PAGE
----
Wednesday May 10, 2017

Microsoft Defends Decision to Not Include USB Type-C in Surface

Like a fallen tree in an empty forest for no one to hear, the relevance of a new hardware standard is questionable if manufacturers fail to include it with their designs. One of the latest conundrums in the technological forest is Microsoft’s decision to preclude USB Type-C ports from their latest Surface Laptop iteration. The specification for Type-C was finalized way back in August 2014 and has made its way to consumer devices and components such as motherboards, phones آ– including Microsoft’s own Lumia 950, peripherals, and competitor laptops, so what is the concern? Apparently, consumer confusion with potential charging ports, and the "maturity" of the standard itself. Previous reports of this newest Surface version mentioned two Type-C ports in the prototype, with the decision to remove them based on cable issues and concerns with market adoption.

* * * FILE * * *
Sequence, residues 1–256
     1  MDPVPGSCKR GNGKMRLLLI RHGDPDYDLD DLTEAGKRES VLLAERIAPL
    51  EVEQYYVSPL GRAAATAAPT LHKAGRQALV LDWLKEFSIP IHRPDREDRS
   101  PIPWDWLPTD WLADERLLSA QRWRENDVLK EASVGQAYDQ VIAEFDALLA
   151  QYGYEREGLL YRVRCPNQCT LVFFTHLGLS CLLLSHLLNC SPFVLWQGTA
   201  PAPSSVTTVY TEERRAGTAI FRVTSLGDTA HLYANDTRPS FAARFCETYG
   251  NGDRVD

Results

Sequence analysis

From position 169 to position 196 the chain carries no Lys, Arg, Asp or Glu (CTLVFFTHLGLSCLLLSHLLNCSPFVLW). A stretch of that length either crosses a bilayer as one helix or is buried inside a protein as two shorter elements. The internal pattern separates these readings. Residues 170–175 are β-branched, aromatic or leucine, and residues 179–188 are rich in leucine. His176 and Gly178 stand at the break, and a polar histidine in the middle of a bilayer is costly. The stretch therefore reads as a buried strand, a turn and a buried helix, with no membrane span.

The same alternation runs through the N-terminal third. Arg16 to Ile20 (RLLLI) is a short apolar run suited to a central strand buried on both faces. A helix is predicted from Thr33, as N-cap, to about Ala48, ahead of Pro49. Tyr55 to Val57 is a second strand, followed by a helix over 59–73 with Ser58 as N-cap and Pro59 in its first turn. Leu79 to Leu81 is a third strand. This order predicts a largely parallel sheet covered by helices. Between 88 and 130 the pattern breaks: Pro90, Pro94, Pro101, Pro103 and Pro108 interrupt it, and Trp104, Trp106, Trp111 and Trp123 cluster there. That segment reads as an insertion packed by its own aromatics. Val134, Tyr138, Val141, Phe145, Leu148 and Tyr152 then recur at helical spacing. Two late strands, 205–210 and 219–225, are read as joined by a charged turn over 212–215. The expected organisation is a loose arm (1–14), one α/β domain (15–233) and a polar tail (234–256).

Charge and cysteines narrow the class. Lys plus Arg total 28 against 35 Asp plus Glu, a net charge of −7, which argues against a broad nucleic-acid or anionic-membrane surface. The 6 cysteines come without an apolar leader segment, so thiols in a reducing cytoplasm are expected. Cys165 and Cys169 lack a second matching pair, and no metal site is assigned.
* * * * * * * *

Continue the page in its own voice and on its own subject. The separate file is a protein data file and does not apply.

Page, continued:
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Adding to the confusion, Type-C ports are sometimes used to charge their host devices. Customers could essentially grab the wrong Type-C charger and quickly run out of battery juice because the charger was not up for the task.

Adding to the curious tale of Microsoft’s Surface is their high-end market price for an educationally targeted product. Including only one USB 3.1 Gen1 Type-A port, one Mini-DisplayPort connector, a headphone jack, and their proprietary Surface Connect port, one must purchase an additional dock (like the one Microsoft sells for $199) to add further connectivity. That seems potentially problematic if a student or instructor desires the use of multiple flash drives, or an external hard drive. A situation like that could have been avoided if say, another USB port had been added to the final design. At least they were kind enough to not require a dongle to listen to music and charge the computer.

Thanks to Kyle for this story.